I am impressed by the women I meet who have achieved great success and improved the world. From Maria Shriver to Supreme Court Justice Sonia Sotomayor, I feel honored to know them. But for every empowered woman I meet, I see many more with tremendous potential who don’t have the opportunity to realize their dreams. As a ninth-generation Texan and proud Mexican American, I’m especially committed to improving outcomes for my fellow Latinas.
Latinas are incredibly entrepreneurial. The number of Latina-owned businesses has increased at eight times the rate of men-owned businesses in recent years.1 Yet in spite of their ambition and drive, many Latinas are not achieving the American Dream. One in three of us drops out of high school,2 and 25 percent of Latinas live in poverty.3 Latina unemployment is high at 9 percent,4 and when they are in the workforce, Latinas earn less than 60 cents for every dollar a white man earns for the same job.5
With more than 25 million Latinas in the United States6 and projections putting us at 15 percent of the total population by 2050, we must all pay attention to the fate of Latinas 7 because the economic future of our country depends on it.8
The good news is that we know what works. Education is the single most powerful tool to help people pull themselves out of poverty and change their life trajectory. I founded the Eva Longoria Foundation to help more Latinas do just that.
When I learned that 80 percent of Latina high school students aspire to attend college, but only 15 percent hold college degrees, I wanted to understand why. My foundation partnered with UCLA’s Civil Rights Project on a study to identify factors that would increase high school graduation and college enrollment rates for Latinas. The results were interesting but not surprising.9
We found that interventions such as involvement in extracurricular activities, exposure to Latino teachers and counselors, high-quality math instruction from a young age, and parent engagement all significantly impact Latinas’ ultimate success, even against strong odds. Knowing that a complete overhaul of our struggling education system is not imminent, it’s heartening to learn that feasible interventions like these can make a life-changing difference. I’m working on it, and I’m not alone.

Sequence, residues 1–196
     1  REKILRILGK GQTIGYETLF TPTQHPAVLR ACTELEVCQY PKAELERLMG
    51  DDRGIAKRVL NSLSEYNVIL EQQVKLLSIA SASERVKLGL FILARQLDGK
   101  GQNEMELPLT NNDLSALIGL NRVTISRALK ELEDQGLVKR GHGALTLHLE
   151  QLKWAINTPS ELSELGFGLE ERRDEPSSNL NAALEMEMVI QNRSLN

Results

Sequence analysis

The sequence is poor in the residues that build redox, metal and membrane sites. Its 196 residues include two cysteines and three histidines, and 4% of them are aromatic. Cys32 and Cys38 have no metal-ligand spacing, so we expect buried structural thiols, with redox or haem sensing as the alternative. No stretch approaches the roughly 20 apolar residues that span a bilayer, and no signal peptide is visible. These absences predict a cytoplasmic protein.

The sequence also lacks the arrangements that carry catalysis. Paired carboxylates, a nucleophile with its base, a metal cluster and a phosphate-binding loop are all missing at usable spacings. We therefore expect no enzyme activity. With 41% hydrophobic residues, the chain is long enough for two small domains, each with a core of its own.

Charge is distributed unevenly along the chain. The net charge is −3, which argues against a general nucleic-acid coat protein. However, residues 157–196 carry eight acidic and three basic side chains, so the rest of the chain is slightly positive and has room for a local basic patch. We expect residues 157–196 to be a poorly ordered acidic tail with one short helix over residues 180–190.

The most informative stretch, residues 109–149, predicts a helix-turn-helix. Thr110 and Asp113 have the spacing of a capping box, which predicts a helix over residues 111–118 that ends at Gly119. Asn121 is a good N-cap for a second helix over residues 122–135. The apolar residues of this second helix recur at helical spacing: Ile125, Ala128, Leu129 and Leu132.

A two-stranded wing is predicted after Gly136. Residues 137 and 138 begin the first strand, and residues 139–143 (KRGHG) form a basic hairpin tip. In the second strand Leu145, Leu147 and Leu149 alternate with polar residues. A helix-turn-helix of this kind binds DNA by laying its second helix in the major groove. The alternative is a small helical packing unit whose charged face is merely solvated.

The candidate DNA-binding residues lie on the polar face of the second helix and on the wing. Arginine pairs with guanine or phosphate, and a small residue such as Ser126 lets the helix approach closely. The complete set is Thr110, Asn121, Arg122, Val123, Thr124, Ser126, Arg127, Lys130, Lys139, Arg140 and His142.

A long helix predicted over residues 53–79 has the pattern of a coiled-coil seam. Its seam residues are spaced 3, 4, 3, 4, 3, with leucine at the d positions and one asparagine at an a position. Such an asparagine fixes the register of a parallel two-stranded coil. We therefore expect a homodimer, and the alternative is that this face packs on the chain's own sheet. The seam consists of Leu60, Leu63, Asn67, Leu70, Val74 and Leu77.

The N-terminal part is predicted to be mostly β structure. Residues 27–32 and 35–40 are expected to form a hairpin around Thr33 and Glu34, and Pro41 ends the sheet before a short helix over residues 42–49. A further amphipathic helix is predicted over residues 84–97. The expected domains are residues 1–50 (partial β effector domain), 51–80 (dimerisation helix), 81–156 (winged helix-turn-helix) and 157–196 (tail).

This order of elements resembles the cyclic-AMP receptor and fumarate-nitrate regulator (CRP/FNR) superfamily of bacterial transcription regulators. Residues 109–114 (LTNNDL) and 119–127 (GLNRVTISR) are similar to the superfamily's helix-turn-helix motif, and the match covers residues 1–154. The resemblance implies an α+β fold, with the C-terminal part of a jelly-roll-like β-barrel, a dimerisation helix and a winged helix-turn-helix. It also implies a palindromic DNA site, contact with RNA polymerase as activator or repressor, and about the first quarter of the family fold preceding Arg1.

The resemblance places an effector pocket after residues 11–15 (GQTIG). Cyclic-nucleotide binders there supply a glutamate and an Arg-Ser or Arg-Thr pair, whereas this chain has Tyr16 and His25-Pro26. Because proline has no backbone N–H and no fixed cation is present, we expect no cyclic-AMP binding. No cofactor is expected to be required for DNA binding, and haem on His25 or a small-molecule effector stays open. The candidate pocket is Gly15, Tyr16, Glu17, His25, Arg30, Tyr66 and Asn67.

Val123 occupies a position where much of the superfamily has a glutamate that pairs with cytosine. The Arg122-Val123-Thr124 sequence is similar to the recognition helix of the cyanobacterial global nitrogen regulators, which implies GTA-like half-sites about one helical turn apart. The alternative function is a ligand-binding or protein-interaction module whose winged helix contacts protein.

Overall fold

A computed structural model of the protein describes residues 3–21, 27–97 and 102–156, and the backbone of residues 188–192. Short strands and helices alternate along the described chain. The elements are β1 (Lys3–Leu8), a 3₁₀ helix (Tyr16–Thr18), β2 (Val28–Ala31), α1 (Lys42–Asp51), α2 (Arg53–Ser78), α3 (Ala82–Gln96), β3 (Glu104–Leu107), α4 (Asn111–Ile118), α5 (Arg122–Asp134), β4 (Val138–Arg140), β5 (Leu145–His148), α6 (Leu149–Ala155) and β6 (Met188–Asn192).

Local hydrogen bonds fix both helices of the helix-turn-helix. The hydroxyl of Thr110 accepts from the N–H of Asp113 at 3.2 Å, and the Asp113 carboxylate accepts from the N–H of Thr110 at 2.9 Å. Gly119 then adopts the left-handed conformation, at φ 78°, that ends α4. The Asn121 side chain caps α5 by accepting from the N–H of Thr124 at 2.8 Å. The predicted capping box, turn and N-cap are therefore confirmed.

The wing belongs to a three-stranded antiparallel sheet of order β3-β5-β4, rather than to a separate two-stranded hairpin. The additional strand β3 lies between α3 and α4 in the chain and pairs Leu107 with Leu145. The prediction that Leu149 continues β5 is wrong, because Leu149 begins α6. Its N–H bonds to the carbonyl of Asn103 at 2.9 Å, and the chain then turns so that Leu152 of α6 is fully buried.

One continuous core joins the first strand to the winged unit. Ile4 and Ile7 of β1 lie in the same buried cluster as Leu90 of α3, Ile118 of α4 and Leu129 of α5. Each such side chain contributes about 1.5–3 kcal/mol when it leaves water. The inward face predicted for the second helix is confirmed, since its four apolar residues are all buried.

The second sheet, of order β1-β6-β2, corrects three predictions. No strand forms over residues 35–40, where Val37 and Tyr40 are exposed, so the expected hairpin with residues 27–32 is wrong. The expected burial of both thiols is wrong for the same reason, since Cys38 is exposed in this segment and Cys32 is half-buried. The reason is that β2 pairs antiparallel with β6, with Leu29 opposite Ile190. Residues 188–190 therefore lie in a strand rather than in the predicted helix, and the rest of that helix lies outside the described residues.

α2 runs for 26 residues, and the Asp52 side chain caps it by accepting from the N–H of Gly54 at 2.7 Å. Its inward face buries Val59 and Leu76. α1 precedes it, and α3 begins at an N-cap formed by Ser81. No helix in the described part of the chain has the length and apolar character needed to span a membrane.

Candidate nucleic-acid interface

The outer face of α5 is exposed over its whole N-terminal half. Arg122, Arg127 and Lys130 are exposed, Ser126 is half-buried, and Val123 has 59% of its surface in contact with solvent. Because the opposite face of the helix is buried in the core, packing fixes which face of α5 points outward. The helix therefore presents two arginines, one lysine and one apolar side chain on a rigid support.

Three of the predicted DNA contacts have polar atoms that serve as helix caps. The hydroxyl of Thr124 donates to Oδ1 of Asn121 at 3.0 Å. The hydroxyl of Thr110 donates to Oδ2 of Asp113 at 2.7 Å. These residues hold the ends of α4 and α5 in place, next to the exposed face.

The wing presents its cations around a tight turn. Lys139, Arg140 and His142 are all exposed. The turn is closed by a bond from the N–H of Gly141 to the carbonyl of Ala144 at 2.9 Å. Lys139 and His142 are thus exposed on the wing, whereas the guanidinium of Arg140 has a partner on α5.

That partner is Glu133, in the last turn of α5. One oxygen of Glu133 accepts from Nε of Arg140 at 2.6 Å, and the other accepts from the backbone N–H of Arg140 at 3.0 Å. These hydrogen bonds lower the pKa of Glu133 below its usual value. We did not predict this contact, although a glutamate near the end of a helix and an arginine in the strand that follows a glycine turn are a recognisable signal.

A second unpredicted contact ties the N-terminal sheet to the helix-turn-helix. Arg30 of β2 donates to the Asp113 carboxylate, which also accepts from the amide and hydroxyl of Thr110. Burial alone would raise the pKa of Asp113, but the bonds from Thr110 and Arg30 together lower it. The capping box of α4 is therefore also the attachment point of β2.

To give just one example of this kind of doable change: Research shows that parent involvement plays a major role in helping kids graduate high school and attend college. So my foundation supports a nine-week parent-engagement program, which teaches parents the basics of what their kids need to make it to college. It educates them about class requirements, how and why to set up meetings with teachers and counselors, how to assist with homework, and how and when to file college applications and financial aid forms. The results: Students whose parents complete the program have a 90 percent graduation rate, compared to the 62 percent rate of Los Angeles-area students overall. A nine-week course like this one can open up a lifetime of possibilities for these Latino families.
The good news is there are many programs like this, but they need our help. By giving our time, financial resources, and advocacy, we can contribute in some way to improving educational outcomes for Latinas.
No matter how large or small our contribution, we must do our part to help these students succeed. Together, we can create a world that doesn’t need a Shriver report about “women on the brink” because women—all of our women—will have the opportunities they need to gain access to the American Dream.
This is an excerpt from The Shriver Report: A Woman’s Nation Pushes Back from the Brink, in partnership with the Center for American Progress. Download the full report here for FREE from January 12th – January 15th.
 U.S. Census Bureau, “American FactFinder,” available at http://factfinder2.census.gov/faces/tableservices/jsf/pages/productview.xhtml?pid=SBO_2007_00CSA01&prodType=table (last accessed September 2013).
 Education Week, “Trailing Behind, Moving Forward: Latino Students in U.S. Schools,” June 7, 2012, available at http://www.edweek.org/ew/toc/2012/06/07/.
 National Women’s Law Center, “Poverty Among Women and Families, 2000-2010: Extreme Poverty Reaches Record Levels as Congress Faces Critical Choices” (2011), available at http://www.nwlc.org/sites/default/files/pdfs/povertyamongwomenandfamilies2010final.pdf.
 U.S. Bureau of Labor Statistics, “Table A-3. Employment status of the Hispanic or Latino population by sex and age,” available at http://www.bls.gov/news.release/empsit.t03.htm (last accessed September 2013).
 U.S. Bureau of Labor Statistics, “Table 7. Median usual weekly earnings of full-time wage and salary workers by selected characteristics, annual averages,” available at http://www.bls.gov/news.release/wkyeng.t07.htm (last accessed September 2013).
 U.S. Census Bureau, “National Characteristics: Vintage 2011,” available at http://www.census.gov/popest/data/national/asrh/2011/tables/NC-EST2011-03.xls (last accessed September 2013).
 U.S. Census Bureau, “Facts for Features: Hispanic Heritage Month 2012: Sept. 15 — Oct. 15,” Press release, August 6, 2012, available at http://www.census.gov/newsroom/releases/archives/facts_for_features_special_editions/cb12-ff19.html.
 U.S. Census Bureau, “An Older and More Diverse Nation by Midcentury,” Press release, August 14, 2008, available at http://www.census.gov/newsroom/releases/archives/population/cb08-123.html.
 Patricia Gándara and others, “Making Education Work for Latinas in the U.S.” (Los Angeles: Eva Longoria Foundation, 2013), available at http://www.evalongoriafoundation.org/wp-content/uploads/2012/05/Making-Education-Work-for-Latinas-in-the-US-by-the-Eva-Longoria-Foundation1.pdf.